Today is the second Sunday of Advent, the Sunday of Love. Now we light the second candle in the wreath and the feeling that Christmas is on its way is getting a little stronger. In church today the reading will be this famous passage from Isaiah:
40:1 Comfort, O comfort my people, says your God.
40:2 Speak tenderly to Jerusalem, and cry to her that she has served her term, that her penalty is paid, that she has received from the Lord’s hand double for all her sins.
40:3 A voice cries out: “In the wilderness prepare the way of the LORD, make straight in the desert a highway for our God.
40:4 Every valley shall be lifted up, and every mountain and hill be made low; the uneven ground shall become level, and the rough places a plain.
40:5 Then the glory of the LORD shall be revealed, and all people shall see it together, for the mouth of the LORD has spoken.”
40:6 A voice says, “Cry out!” And I said, “What shall I cry?” All people are grass, their constancy is like the flower of the field.
40:7 The grass withers, the flower fades, when the breath of the LORD blows upon it; surely the people are grass.
40:8 The grass withers, the flower fades; but the word of our God will stand forever.
40:9 Get you up to a high mountain, O Zion, herald of good tidings; lift up your voice with strength, O Jerusalem, herald of good tidings, lift it up, do not fear; say to the cities of Judah, “Here is your God!”
40:10 See, the Lord GOD comes with might, and his arm rules for him; his reward is with him, and his recompense before him.
40:11 He will feed his flock like a shepherd; he will gather the lambs in his arms, and carry them in his bosom, and gently lead the mother sheep.
This passage has several things to note in it. One is that it was used by Mark in his gospel to speak about John the Baptist:
1:2 As it is written in Isaiah the prophet: “I will send my messenger ahead of you, who will prepare your way”
1:3 A voice of one calling in the wilderness, ‘Prepare the way for the Lord, make straight paths for him.’
The astute among you will note the difference between Isaiah and Mark concerning the voice and the wilderness. Of course, the quotation marks in the English translation here are not in the original Hebrew and Greek. If they were in the original Hebrew, Mark would not have made the fundamental mistake he made in his Greek gospel. My question: where is the voice located that Isaiah and Mark mention? Isaiah does not say. Mark says it is in the wilderness (supporting his claim that John – famous for living in the wilderness – is the foretold prophet of the Messiah, crying out in the wilderness). But Isaiah says that a voice cries out about making the Messiah’s path straight in the wilderness. The voice is not in the wilderness, the path is. This ought to alert you to the fact that the gospel writers liked to twist prophecy to suit their purposes. Nonetheless, the passage gives us numerous pieces from Handel’s Messiah that are brilliant. This is possibly my favorite (and one of my favorite renditions):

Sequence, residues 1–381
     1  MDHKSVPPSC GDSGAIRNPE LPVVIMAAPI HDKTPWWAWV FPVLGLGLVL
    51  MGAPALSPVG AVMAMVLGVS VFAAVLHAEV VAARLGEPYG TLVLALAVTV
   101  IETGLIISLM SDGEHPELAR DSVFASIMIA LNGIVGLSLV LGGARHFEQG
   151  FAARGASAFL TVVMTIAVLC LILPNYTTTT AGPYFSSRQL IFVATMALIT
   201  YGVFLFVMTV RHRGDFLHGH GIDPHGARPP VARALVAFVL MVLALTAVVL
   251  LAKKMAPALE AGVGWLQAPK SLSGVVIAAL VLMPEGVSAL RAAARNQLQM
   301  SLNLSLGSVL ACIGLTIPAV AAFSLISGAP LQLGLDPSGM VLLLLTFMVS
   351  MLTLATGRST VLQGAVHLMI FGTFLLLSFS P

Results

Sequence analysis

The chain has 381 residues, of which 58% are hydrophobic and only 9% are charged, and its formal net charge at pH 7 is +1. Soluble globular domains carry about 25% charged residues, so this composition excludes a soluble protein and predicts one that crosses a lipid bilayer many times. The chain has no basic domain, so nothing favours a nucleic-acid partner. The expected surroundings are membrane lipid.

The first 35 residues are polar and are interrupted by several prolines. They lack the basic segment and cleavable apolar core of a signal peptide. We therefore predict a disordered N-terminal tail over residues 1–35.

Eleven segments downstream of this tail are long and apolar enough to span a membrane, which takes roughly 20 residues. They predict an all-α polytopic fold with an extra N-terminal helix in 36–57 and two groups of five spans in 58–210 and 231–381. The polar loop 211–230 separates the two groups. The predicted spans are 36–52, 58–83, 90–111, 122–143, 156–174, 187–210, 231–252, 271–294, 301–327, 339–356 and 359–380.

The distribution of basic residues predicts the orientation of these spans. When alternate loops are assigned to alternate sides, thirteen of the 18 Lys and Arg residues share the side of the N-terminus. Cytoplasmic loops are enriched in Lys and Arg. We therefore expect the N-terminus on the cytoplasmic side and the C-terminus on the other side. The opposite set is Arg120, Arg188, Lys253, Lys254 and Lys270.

The thing I like about certain seasons is the sense of familiarity mixed with newness. That’s the great thing about ritual in one’s life. It provides order, but not necessarily sameness. This year Christmas will be a lot like others I have celebrated for decades, but it will also be fresh in numerous ways.
Let’s talk about spices. Christmas, for me, is very much about seasonal spices when it comes to cooking. I like to follow the seasons in general with my cooking, and I am very careful to avoid eating things out of season. In many countries I have lived – especially the United States – I could, if I wished, eat about anything I wanted, any time of the year. If I had wanted strawberries for Christmas dinner I could have found them. But that’s all wrong. Where I lived in the Catskills, strawberries ripened in May and I bathed in them for the month. Then, when the season was over, I put them aside. I eat lamb at Easter, not just because of the obvious Biblical associations, but also because the new lambs of the year are ready to eat at that point. It doesn’t take a lot of pondering to figure out why lamb is the traditional meal for Passover and how it got tied into the Easter story.
Christmas for me smells of allspice. Actually, Christmas smells of all the sweet spices – nutmeg, cloves, cinnamon, and ginger. But allspice stands out for me. Maybe it’s just my personal quirk, but there’s a strong personal connexion for me. I dump it in my mincemeat and puddings, of course, but I also use it to flavor meat dishes. Last year I first had to figure out the Italian – pepe di Jamaica – and then turn Mantua upside down to find it. I did, in the end, but it was touch and go for several weeks. Now I have a big stash. Today I am making dinner for my girlfriend and allspice will be a prominent player. The pasta course will feature a sauce made with goat meat I found at the market yesterday.
Goat is not a popular meat in the West, largely because goats are not common and because the meat can be tough if not cooked properly. I found some nice meaty leg bones which I browned and then gently simmered for several hours in a stock I made with wild mushrooms and liberally spiced with allspice and fresh ground black pepper. The bones and stock have been sitting overnight in the refrigerator ready for stage 2 today. There was no fat to skim this morning because goat is not fatty. Here’s the image I have from this morning.
Today I am going to strip and shred the meat. Meanwhile I’m going to reduce the stock, cook some pasta, reheat the meat in the stock, drain the pasta and add it to the meat, swirl around and serve. I’ll post a photo tomorrow.